I don’t wish to sidestep difficulties here, and recognize issues like to social and political construction in indigeneity and authenticity, the potential conflicts of laws and ethics (indigenous peoples in the past have made slaves, made human sacrifices, and abused women under “customary law” – tradition won’t always simply trump larger social concerns). But rather than get bogged down in counterfactuals, it is better to focus on the core cases. Indigenous peoples have beliefs about the proper use of their knowledge, and largely non-aboriginal people do not respect their customs).

    As I have often emphasized, indigenous peoples often wish to share their knowledge. Sharing is a common and highly valued cultural norm. Most, if not all, indigenous peoples believe sharing is a fundamental spiritual value. But even though indigenous peoples generally do not have concepts that are exactly equivalent to common property concepts, they still have rules and processes related to regulating the flow and uses of knowledge. There is knowledge that is secret, knowledge restricted to gender, to family, to spiritually elected or heriditary individuals, and to individuals. There are often obligations and restrictions attached to the proper uses of shared knowledge.

    Indigenous peoples are wary whenever any form of law is imposed on them, whether through enclosure by IPR or exclosure into a supposed global commons or public domain. These may cause damage to their customary ways of life. Whatever solutions are at hand, these should be based on fundamental respect for indigenous self-determination and aspirations.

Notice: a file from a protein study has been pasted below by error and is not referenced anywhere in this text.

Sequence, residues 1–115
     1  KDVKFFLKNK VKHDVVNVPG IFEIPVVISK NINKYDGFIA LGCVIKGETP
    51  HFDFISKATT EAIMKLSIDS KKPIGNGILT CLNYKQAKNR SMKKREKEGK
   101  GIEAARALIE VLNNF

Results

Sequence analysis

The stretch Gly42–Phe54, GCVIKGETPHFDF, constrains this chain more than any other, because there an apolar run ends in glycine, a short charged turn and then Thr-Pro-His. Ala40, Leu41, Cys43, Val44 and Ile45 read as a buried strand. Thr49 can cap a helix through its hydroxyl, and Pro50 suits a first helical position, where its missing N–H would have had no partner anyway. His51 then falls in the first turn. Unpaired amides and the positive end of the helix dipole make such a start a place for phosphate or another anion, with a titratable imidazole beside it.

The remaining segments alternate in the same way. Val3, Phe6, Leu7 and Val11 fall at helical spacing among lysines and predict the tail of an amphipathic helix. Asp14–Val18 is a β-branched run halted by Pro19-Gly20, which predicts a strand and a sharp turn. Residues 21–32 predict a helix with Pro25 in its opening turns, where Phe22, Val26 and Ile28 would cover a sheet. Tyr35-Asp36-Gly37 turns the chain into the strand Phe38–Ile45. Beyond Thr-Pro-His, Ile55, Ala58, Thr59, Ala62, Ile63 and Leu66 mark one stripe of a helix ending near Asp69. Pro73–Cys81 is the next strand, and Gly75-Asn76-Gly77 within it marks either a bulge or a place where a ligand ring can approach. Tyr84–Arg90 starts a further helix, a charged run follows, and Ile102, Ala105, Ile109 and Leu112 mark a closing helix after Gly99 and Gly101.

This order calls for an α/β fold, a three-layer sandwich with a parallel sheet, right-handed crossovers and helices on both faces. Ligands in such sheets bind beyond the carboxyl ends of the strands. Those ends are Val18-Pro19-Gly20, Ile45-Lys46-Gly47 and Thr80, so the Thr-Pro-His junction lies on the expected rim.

There are many issues that can’t be explored in dpeth here. For more extensive treatment or traditional knowledge and IPR issues, see:

    Hardison, Preston D., The Report on Traditional Knowledge Registers (TKRs) and Related Traditional Knowledge Databases (TKDBs). Ad Hoc Open-Ended Inter-Sessional Working Group on Article 8(J) and Related Provisions of the Convention on Biological Diversity, Fourth meeting. UNEP/CBD/WG8J/4/INF/9. Secretariat of the Convention on Biological Diversity (CBD), Montréal, 2005.

    Hardison, Preston (2006). Indigenous Peoples and the Commons. On the

    Tulalip Tribes of Washington (2003). Statement by the Tulalip Tribes of Washington
    on Folklore, Indigenous Knowledge, and the Public Domain, July 09, 2003. Intergovernmental Committee On Intellectual Property And Genetic Resources, Traditional Knowledge And Folklore, Fifth Session, Geneva, July 5-17, 2003.

    (Standard disclaimer: All comments here are my own, and do not necessarily reflect the official position of any indigenous peoples or my employer).